The San Francisco 49ers had rumored interest in multiple wide receivers this offseason. There was, of course, the talk surrounding DeSean Jackson, but there were also rumors surrounding guys like Emmanuel Sanders, Hakeem Nicks and Julian Edelman.
In short: the 49ers have identified wide receiver as an area of need. Not such a big enough area that they're willing to go big on one (as far as we know), but that likely has more to do with Colin Kaepernick and his pending contract extension more than anything. But aside from "the 49ers need another guy right now," I'm wondering what exactly folks think this group will end up looking like in, say, a year.
For instance: Anquan Boldin likely will not be worth a $6-plus million cap hit in 2015. The primary reason San Francisco needs to get a wide receiver is the fact that Boldin, while age-defying to this point, simply will not last for ever. Even repeating his 2013 campaign itself is a longshot. It would benefit the 49ers the most to bring in a rookie while Boldin is still in town.
When you look at San Francisco bringing in these free agents, however, it's easy to imagine them playing with both Boldin and Michael Crabtree this year. We can assume that the 49ers wanted to run some three-wide sets, which Jim Harbaugh himself alluded to. But there's also the possibility that the 49ers wanted to secure something akin to a No. 1 receiver on the off-chance that Crabtree doesn't return in 2015.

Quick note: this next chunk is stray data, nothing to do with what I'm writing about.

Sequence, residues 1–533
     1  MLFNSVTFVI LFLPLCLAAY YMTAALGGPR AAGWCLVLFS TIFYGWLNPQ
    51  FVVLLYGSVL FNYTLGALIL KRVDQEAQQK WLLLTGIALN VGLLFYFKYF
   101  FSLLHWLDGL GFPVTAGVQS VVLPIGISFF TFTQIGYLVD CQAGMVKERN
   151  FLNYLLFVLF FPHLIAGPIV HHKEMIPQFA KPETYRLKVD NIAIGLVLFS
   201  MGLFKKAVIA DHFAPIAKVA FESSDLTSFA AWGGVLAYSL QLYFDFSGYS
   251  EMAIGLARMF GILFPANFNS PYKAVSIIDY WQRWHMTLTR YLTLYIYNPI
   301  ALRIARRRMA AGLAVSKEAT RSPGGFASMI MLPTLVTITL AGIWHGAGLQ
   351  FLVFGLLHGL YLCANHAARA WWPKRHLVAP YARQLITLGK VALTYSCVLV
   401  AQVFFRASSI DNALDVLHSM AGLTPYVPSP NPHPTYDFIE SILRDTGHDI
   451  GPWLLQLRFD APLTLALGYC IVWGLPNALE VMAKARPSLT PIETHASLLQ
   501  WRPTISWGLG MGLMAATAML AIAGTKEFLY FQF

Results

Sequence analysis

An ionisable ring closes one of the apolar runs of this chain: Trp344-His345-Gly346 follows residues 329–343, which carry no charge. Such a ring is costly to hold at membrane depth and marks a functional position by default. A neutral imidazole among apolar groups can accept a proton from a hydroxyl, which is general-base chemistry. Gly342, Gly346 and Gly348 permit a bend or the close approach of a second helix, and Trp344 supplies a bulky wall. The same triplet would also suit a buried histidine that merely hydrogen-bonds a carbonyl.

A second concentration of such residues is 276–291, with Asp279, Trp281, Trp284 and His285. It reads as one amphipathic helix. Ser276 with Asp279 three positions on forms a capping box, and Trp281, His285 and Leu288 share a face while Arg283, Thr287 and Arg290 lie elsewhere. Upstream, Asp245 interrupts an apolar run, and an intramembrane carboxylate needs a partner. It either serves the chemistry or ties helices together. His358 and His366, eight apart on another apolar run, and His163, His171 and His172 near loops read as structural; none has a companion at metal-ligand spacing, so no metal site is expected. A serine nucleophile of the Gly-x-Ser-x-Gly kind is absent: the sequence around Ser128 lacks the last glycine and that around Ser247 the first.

Crabtree's contract ends after this coming season, and if he has a big year, I'm not sure where the 49ers are going to find the money to bring him back. I'm not going to get in that exceedingly silly diva rhetoric, but Crabtree is going to want to get paid. He's going to want to get paid like the excellent receiver that he can be.
San Francisco might not be able to afford that. Many have suggested drafting a receiver in one of the top two rounds, and I can definitely see the need. We could be looking at a 2015 campaign in which neither Boldin nor Crabtree are in town. That's a scary prospect, but one that the 49ers at least made an attempt to address this free agency period.
In other words, I firmly believe the guys they went after this offseason were more about insurance than a 2014-15 play for a re-vamped high-flying offense. I don't think Harbaugh planned on switching up the offense from a power-running attack to something that prominently featured three wide receivers on the field at once. I just think it's a position in transition that could go a number of directions at this point.
I suppose we'll see what happens in May.